I have to join the chorus of people asking what happened to the marlin. I have a soft spot for fish and the thought of that poor fishy getting a mouthful of whatever toxic sludge BP was pumping, ugh…

    *Hugs marlin pillow*

    Don’t worry Martin, I won’t let BP hurt you…

  17. 17
    Ichthyic

    The attack moose are in training for Keystone XL. It’s not going to be pretty.

    just moose?

    …or is it moose and squirrel!

  18. 18
    Ichthyic

    I have to join the chorus of people asking what happened to the marlin. I have a soft spot for fish and the thought of that poor fishy getting a mouthful of whatever toxic sludge BP was pumping, ugh…

    sorry to have to tell you this, but billfish use ram ventilation; they rely on forward motion to force water through the oral cavity and through the gills to breath.

    that marlin is dead as a proverbial door nail, unless somehow they freed it within minutes of it impaling the structure, which I would rather doubt.

    most species of open ocean (pelagic) fishes use ram ventilation, as it is less energy intensive (thus more efficient) than pump-breathing by opening and closing opercula to breathe. When your food is very patchy, and you need to swim long distances to get to it, energy efficiency becomes very highly selected for. It’s also why many pelagic fishes have a counter-current exchange system of blood vessels to keep their primary swimming muscles warmer than ambient.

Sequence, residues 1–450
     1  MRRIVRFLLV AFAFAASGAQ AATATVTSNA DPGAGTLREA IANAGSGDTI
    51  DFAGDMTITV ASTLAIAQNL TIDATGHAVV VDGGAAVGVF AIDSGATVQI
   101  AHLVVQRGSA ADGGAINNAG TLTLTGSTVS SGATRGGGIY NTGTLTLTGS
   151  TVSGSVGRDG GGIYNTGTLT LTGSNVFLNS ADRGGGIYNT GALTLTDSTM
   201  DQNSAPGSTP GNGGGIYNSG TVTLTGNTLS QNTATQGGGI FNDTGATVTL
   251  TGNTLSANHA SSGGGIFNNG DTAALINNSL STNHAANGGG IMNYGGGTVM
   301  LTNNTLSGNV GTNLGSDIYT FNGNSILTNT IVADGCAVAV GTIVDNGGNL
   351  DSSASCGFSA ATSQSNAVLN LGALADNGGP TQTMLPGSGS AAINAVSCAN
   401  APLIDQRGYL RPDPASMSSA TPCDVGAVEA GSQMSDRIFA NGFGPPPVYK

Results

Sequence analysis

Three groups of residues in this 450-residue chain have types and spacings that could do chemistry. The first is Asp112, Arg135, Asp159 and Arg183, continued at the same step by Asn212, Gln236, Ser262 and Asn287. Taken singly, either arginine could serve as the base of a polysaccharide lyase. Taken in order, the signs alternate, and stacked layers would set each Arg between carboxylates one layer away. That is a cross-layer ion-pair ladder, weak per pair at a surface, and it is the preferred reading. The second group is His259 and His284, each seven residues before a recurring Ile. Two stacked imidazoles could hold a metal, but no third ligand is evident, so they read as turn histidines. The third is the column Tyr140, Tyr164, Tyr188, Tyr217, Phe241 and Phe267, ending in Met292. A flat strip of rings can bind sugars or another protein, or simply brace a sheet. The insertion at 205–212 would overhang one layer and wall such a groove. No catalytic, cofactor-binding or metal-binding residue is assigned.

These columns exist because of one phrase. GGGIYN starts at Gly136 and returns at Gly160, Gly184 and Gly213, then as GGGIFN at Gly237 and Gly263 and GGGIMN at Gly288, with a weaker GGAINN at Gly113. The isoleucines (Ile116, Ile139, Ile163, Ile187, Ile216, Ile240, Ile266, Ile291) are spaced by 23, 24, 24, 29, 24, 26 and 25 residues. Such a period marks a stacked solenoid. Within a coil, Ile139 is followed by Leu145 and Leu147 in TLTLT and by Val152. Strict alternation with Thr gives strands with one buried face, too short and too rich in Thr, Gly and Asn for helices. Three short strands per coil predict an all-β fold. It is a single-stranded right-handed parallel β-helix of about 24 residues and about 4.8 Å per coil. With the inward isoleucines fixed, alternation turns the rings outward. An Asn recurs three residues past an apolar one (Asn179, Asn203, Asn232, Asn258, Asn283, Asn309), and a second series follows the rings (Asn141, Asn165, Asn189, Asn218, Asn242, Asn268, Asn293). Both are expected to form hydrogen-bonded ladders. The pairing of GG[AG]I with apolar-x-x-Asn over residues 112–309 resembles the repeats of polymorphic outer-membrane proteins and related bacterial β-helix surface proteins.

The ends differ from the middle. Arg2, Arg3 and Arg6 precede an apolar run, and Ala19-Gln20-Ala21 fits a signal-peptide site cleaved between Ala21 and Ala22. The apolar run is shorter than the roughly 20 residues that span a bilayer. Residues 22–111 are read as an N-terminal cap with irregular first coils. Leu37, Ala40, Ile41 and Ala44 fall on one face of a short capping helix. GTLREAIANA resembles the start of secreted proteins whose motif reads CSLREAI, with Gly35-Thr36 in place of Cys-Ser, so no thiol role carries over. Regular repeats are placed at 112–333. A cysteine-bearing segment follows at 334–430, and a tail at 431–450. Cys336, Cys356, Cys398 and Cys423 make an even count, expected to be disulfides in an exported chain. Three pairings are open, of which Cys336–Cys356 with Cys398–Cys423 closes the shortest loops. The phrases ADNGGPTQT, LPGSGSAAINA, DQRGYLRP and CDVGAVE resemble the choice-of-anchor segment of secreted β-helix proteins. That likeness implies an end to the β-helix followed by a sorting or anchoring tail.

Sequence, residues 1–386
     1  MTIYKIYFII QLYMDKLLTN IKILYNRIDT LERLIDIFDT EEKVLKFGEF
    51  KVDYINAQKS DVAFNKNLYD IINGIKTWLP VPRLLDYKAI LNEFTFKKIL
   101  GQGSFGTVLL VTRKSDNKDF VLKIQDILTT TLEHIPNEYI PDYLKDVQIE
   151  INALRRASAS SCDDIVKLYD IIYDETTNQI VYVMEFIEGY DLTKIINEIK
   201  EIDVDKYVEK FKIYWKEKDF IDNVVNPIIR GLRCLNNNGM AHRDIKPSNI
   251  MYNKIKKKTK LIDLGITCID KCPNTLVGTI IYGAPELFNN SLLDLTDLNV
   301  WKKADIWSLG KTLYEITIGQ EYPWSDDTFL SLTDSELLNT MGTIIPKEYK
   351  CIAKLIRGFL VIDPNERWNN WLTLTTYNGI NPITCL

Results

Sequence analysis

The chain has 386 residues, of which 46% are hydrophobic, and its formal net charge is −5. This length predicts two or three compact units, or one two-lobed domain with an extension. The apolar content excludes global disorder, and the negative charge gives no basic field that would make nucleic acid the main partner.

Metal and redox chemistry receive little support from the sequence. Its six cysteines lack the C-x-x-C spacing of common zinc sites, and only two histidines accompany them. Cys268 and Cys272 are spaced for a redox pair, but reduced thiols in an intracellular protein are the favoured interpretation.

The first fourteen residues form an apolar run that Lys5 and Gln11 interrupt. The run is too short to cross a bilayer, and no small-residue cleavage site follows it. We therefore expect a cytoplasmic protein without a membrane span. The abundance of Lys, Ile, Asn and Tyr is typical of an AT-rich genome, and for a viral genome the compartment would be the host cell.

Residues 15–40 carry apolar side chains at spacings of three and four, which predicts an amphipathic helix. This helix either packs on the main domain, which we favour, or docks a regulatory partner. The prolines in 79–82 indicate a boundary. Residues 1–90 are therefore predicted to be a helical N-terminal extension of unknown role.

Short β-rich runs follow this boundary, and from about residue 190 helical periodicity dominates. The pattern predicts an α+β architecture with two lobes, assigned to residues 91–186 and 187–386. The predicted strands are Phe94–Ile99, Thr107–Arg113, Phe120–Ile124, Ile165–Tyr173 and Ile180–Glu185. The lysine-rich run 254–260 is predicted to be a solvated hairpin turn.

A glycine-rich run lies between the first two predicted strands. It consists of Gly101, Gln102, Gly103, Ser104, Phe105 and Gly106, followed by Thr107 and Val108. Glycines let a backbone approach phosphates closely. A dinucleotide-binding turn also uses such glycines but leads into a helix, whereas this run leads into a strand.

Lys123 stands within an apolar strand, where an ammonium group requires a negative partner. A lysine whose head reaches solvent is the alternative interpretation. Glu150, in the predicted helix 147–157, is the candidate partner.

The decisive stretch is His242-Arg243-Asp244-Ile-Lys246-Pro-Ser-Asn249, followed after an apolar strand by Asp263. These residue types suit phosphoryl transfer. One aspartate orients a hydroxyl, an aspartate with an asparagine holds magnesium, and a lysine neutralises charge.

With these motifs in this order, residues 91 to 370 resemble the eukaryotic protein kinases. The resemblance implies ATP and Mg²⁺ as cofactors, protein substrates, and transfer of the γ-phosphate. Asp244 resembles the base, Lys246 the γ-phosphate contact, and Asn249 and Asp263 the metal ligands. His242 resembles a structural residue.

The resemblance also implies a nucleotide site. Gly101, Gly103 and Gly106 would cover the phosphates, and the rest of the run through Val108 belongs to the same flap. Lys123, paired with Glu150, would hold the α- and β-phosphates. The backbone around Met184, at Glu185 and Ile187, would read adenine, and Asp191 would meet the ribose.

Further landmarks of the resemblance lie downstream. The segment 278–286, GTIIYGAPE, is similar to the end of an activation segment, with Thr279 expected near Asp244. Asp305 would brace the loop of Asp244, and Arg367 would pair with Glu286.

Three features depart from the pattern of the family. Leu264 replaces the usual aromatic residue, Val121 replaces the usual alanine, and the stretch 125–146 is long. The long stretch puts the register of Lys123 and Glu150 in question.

19. 19
    Ichthyic

    …. we will always remember the sacrifice of Marlin for the cause of a cleaner, safer world.

    he was a game fish.

    *sniff*

  20. 20
    Usernames are smart

    costing BP‘s customers and their lower tier employees and the rest of us taxpayers over $100 million
    — Alverant (#7)

    Er, probably not. They have boatloads of insurance on those things, so most likely they’ll file a claim and collect the check.

    The best part is oil companies are literally SWIMMING in cash (thanks for the subsidies, Taxpayers!), so they really don’t care: they’ll spend, spend, spend; pay their execs ungodly amounts; and whine that unless they get financial help, they’ll go down and TAKE YER JERBS!!!!

  21. 21
    Ichthyic

    another thought….

    it’s actually unlikely the marlin intentionally “attacked” the pipeline. You have to remember that these are fishes that in their lifetimes are likely never to experience anything even remotely resembling a “wall” in their environment.

    it’s probable it was just chasing fish and ran into it. they don’t swim backwards, and have no way to free themselves from something like that.

  22. 22
    kraut

    “a marlin attacked an oil pipeline”

    Yeah., because a fucking hose is just the same as a pipeline…

  23. 23
    Ichthyic

    Yeah., because a fucking hose is just the same as a pipeline…

    don’t know how you define one, but where I come from, a cylindrical object used to transport oil across distance would be defined as a pipeline.

    doesn’t matter if it’s flexible or not.

    or are you trying for an idiot award? don’t let me stop you if so.

  24. 24
    Ragutis

    Yeah, it was likely chasing something that was nimble enough to dodge in time, while the marlin was not. A marlin bill is pretty strong and sharp, but I imagine it would need some extra force to puncture what’s probably an inch or more of rubber, fiberglass or plastic. Chasing speed rather than cruising speed.